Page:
EXAMPLE 14 Construction of Bacillus subtilis MI112/pOW531 and Bacillus subtilis MI112/pOW532

The desired constructions are made in substantial accordance with the teaching of Example 3 except that plasmids pOW531 and pOW532, rather than plasmids pOW525 and pOW526, are used.

EXAMPLE 15 Construction of Plasmids pOW533 and pOW534 and E. coliJA221/pOW533 and E. coli K12 JA221/pOW534

The desired constructions are made in substantial accordance with the teaching of Example 4 except that plasmid pOW11, rather than plasmid pOW10, is used. The respective restriction site map of each of plasmids pOW533 and pOW534 is the same, except for the aforementioned additional BamHI site from the pOW11 fragment, as that shown for plasmids pOW527 and pOW528 in FIG. 1 of the accompanying drawings.

EXAMPLE 16 Construction of Bacillus subtilis MI112/pOW533 and Bacillus subtilis MI112/pOW534

The desired constructions are made in substantial accordance with the teaching of Example 5 except that plasmid pOW533 and pOW534, rather than plasmids pOW527 and pOW528, are used.

EXAMPLE 17 Construction of Plasmid pOW310 and E. coli K12 BE904/pOW310

The desired constructions are made in substantial accordance with the teaching of Example 6 except that plasmid pOW11, rather than plasmid pOW10, is used. The restriction site map of plasmid pOW310 is the same, except for the aforementioned additional BamHI site from the pOW11 fragment, as that shown for plasmid pOW303 in FIG. 2 of the accompanying drawings.

EXAMPLE 18 Construction of Plasmids pOW535 and pOW536 and E. coliK12 BE904/pOW535 and E. coli K12 BE904/pOW536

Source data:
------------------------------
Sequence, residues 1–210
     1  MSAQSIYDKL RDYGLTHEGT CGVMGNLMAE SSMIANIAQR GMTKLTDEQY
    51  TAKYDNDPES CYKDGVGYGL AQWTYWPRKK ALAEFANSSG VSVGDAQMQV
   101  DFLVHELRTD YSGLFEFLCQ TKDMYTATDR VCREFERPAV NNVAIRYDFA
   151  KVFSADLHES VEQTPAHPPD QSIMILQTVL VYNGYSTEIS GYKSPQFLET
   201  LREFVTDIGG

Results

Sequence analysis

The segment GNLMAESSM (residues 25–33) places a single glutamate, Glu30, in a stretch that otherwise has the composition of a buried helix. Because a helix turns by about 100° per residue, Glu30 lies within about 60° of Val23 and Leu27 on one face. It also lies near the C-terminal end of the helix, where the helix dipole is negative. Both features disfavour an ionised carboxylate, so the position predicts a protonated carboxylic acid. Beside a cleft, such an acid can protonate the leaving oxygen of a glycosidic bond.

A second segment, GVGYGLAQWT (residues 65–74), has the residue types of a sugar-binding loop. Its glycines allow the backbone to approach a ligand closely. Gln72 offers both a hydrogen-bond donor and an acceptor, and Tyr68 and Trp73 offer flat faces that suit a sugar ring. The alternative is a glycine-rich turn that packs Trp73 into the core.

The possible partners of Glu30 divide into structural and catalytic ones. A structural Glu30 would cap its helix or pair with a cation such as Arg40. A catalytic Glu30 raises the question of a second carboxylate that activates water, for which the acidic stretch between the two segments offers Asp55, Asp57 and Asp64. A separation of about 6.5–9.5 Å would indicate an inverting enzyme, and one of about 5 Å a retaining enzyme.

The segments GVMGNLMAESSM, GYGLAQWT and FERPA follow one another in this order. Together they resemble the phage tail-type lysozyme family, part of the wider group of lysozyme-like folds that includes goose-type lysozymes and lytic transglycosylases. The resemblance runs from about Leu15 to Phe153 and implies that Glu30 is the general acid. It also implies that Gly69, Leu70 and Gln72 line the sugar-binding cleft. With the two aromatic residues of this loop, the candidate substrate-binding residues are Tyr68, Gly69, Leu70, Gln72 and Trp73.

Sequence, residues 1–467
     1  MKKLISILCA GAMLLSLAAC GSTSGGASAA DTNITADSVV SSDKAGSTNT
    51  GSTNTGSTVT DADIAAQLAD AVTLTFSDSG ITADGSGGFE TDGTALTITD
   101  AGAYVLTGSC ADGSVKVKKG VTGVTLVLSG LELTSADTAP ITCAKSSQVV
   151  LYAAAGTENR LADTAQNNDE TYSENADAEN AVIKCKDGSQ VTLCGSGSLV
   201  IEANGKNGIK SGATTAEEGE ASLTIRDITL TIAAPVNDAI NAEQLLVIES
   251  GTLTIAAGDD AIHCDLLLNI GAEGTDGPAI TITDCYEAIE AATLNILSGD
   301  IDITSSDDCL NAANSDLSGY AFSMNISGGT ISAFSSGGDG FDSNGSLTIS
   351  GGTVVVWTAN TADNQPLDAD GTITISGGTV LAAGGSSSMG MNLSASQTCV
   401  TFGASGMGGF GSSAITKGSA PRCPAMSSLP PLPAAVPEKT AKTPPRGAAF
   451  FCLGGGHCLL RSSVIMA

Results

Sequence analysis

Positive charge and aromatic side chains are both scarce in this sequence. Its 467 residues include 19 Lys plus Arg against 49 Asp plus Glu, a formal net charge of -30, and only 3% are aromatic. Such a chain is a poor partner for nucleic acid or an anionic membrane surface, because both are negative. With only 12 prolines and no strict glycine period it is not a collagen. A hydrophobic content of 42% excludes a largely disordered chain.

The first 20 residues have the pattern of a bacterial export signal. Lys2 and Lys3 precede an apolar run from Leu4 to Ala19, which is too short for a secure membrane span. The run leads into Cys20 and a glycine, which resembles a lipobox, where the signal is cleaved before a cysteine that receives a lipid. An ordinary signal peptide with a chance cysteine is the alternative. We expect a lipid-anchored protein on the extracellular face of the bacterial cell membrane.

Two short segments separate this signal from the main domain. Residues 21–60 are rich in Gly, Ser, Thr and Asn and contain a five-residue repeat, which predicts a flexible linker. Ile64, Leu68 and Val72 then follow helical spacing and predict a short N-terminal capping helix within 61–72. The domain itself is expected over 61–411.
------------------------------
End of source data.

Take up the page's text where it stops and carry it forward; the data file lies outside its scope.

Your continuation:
The desired constructions are made in substantial accordance with the teaching of Example 7 except that plasmid pOW310, rather than plasmid pOW303, is used. The restriction site map of each of plasmids pOW535 and pOW536 is the same, except for the aforementioned additional BamHI site from the pOW310 fragment, as that presented for plasmids pOW523 and pOW524 in FIG. 2 of the accompanying drawings.

EXAMPLE 19 Construction of Bacillus subtilis MI112/pOW535 and Bacillus subtilis MI112/pOW536

The desired constructions are made in substantial accordance with the teaching of Example 8 except that plasmids pOW535 and pOW536, rather than plasmids pOW523 and pOW524, are used.

EXAMPLE 20 Construction of Plasmids pOW537 and pOW538 and E. coliK12 BE904/pOW537 and E. coli K12 BE904/pOW538

The desired constructions are made in substantial accordance with the teaching of Example 9 except that plasmid pOW310, rather than plasmid pOW303, is used. The restriction site map of each of plasmids pOW537 and pOW538 is the same, except for the aforementioned additional BamHI site from the pOW310 fragment, as that presented for plasmids pOW529 and pOW530 in FIG. 2 of the acccmpanying drawings.

EXAMPLE 21 Construction of Bacillus subtilis MI112/pOW537 and Bacillus subtilis MI112/pOW538

The desired constructions are made in substantial accordance with the teaching of Example 10 except that plasmid pOW537 and pOW538, rather than plasmids pOW529 and pOW530, are used.

EXAMPLE 22 Construction of Plasmid pOW323/Z and E. coli K12 JA221/pOW323/Z

A. Isolation of Plasmid pOW440

The bacterium Bacillus subtilis MI112/pOW440 (NRRL B-15887) was cultured and plasmid pOW440 isolated in substantial accordance with the teaching of Example 2. The desired plasmid pOW440 was dissolved in TE buffer and stored at 0 C. for future use.

B. Sau3A Digestion of Plasmid pOW440 and Isolation of the 518 bp (base pair) Fragment

The desired digestion was carried out in substantial accordance with the teaching of Example 6A except that plasmid pOW440 and Sau3A restriction enzyme and reaction mix*, rather than plasmid pOW10 and NcoI restriction enzyme and reaction mix, were used. The desired 518 bp fragments were conventionally separated and isolated by agarose gel electrophoresis (Maniatis et al., 1982), dissolved in 20 μl. of TE and stored at 0 C. for future use.

C. BamHI Digestion of Plasmid pOW303